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Progressive Politics in Minnesota, the Nation, and the World

Commissioner Pay Raises & Republican Hypocrisy

Category: Economy
Posted: 07/02/15 11:17

by Dave Mindeman

It would seem that the MN Republicans are going to have an election discussion about Gov. Dayton's push for increases in Commissioner salaries. But if they insist on doing that, then let's make sure we have all the facts.

1. If the GOP was so concerned about this, why did they allow a window (July 1st) for the governor to do it? In fact, they legislated it that way (the House GOP voted for it). Why didn't they just slam the door entirely early in the session - they had that option. Heck, they even had Bakk's support.

2. From a StarTribune article: Before the increases, Minnesota commissioners were making less than their counterparts in most states, according to an analysis by Minnesota Management and Budget from data compiled by the Council of State Governments. Fourteen of 15 commissioners were paid at or below the 50th percentile; eight were below the 25th percentile. The raises push Minnesota salaries above the median.

The comparison with other states shows that Minnesota has been lagging far behind other states in paying people for "executive" type positions. It took these large raises to catch up - and now that the legislature has taken back control of these salaries, there won't be any further raises for the foreseeable future.

3. Direct comparisons with our neighbors were not favorable either.

North Dakota had at least 10 cabinet-level positions that paid more than Minnesota commissioners before the raises and six jobs that will still be paid more than in Minnesota. Most Wisconsin commissioners were paid slightly more than Minnesota's before the Dayton raises but now would be paid less.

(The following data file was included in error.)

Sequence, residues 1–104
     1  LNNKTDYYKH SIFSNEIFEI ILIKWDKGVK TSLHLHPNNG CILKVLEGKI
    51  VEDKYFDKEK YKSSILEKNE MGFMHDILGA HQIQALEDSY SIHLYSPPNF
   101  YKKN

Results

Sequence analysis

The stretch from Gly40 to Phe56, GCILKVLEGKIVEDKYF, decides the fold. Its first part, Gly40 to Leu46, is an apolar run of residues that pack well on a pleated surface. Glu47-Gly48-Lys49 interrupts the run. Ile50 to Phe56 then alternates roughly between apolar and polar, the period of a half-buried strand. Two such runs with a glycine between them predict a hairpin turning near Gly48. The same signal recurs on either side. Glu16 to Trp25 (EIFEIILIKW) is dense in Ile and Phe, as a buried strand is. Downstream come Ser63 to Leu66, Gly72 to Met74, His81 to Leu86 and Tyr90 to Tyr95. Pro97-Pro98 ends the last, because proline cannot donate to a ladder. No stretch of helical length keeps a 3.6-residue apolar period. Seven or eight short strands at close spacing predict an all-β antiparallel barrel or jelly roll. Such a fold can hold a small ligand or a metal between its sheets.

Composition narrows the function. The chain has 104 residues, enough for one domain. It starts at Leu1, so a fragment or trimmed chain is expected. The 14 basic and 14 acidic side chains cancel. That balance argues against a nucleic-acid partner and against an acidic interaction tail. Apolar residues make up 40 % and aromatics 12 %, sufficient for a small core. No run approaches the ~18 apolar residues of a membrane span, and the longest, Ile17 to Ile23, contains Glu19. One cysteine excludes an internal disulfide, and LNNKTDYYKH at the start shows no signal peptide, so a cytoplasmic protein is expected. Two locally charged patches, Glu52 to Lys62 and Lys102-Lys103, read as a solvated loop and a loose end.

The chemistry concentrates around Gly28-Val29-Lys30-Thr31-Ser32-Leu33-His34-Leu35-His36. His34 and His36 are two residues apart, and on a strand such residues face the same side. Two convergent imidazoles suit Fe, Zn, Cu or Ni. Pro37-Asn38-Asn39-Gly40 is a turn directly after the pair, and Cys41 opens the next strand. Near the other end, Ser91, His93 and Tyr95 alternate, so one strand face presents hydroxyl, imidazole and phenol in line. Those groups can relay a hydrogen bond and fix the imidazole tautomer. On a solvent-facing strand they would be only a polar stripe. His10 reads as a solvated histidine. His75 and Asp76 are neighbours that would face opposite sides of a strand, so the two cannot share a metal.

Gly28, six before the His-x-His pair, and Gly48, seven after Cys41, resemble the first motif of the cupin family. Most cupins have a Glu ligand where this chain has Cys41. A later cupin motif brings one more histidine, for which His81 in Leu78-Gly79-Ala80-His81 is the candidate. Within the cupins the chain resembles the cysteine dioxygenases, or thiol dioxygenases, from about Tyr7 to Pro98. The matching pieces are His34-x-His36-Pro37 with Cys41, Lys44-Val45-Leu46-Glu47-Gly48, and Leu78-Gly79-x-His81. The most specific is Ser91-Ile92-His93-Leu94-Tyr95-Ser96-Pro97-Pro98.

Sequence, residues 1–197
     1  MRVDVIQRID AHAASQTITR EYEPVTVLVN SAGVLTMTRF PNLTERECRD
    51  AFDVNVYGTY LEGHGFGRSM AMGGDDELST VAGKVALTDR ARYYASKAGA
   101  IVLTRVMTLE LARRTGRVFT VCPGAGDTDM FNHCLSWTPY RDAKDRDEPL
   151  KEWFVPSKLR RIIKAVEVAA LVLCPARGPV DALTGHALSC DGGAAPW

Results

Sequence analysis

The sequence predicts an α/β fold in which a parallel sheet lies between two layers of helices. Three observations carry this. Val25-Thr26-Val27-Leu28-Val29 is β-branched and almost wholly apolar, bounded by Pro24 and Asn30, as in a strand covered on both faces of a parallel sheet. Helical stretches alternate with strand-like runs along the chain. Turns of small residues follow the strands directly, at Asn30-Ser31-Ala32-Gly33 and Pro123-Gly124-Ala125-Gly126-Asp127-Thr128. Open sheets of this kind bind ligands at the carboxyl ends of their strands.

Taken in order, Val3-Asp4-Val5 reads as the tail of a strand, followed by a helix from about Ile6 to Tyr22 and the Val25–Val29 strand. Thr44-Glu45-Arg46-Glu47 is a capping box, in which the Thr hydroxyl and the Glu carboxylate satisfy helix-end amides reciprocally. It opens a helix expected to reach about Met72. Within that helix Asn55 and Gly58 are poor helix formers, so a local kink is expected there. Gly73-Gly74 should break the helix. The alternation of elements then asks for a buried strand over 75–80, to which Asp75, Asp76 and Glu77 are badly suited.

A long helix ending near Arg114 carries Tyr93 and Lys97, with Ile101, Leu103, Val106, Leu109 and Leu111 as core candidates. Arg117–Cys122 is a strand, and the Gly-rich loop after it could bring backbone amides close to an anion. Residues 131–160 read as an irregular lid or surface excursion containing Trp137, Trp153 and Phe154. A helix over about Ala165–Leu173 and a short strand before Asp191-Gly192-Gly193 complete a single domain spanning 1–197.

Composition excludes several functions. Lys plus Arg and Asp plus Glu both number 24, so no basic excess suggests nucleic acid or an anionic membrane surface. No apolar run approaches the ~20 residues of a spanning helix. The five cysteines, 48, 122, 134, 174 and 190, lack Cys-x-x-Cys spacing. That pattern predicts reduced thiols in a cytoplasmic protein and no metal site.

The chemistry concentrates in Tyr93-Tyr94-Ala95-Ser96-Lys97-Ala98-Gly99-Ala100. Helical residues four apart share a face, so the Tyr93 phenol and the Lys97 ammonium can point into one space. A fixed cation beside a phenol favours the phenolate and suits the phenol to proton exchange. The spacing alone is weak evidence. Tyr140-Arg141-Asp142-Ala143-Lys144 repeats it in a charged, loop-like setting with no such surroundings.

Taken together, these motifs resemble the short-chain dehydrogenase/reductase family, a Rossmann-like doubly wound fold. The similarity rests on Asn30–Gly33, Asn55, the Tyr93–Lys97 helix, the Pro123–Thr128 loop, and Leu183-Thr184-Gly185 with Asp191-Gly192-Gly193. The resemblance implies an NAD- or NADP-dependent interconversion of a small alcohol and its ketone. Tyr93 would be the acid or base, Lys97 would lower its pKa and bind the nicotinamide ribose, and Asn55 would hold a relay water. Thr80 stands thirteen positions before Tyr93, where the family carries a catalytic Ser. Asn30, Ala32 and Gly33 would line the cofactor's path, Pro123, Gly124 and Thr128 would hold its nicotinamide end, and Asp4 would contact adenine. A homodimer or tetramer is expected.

4. The Republican strategy is clear. Even though Dayton is not on the ballot and it was his decision to raise the salaries, Daudt attempts to blame the DFL legislators for this government "failure" - even though the vote on the parameters by which Dayton acted was completely bipartisan.

Frankly, I think Dayton showed tremendous courage to go ahead with these planned increases. We will attract highly competent people to do this important work and solidify the salaries for the future. Future governors (Republican or Democrat) will thank him for it.

The most important takeaway from this is that the MN GOP compares these raises to the "hard working" Minnesota families who don't have the opportunity for such raises....the same MN GOP that fought and continues to fight increases in the minimum wage....and promotes tax relief for the wealthy which the middle class has to pay for.

The Republican hypocrisy in all this is the true election issue.
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Medical Marijuana: Doctor Timidity & Red Tape Need To Go

Category: Economy
Posted: 07/01/15 23:33

by Dave Mindeman

Today the Medical Marijuana law took effect and patients could now get their medication. However, very few people are eligible because doctors are reluctant to get involved and the law is so very restrictive.

As to the restrictions, I feel that Minnesota's legislature was much too timid in regards to the writing of this law. They kept watering down the availability until we have come to the point that the medicine is not going to get to the people who need it fast enough.

But I am particularly disappointed with Minnesota's physicians. I understand that there is ambiguity in regards to State and Federal law - and there might be a certain risk to get into the middle of this-- I think it is minimal but it is still there.

But what I find particularly disturbing is the complaints from doctors about loss of control. As I understand it, the doctors evaluate their patients for eligibility in the program and then hand their patients over to the program for actual treatment. Yes, the doctors do not have much control about the patient treatment once the patient is in the program, but if they are not happy with the outcome they can encourage their patient to drop out and return to the doctor's course of treatment.

You have to wonder how different the doctors would be assessing the marijuana program if it had a Big Pharma company promoting these medications.

Viagra type advertising....doctors given lunches and paid seminars to consider the treatment...sales pitches from hard sell representatives. You know, the kind of thing they are used to dealing with.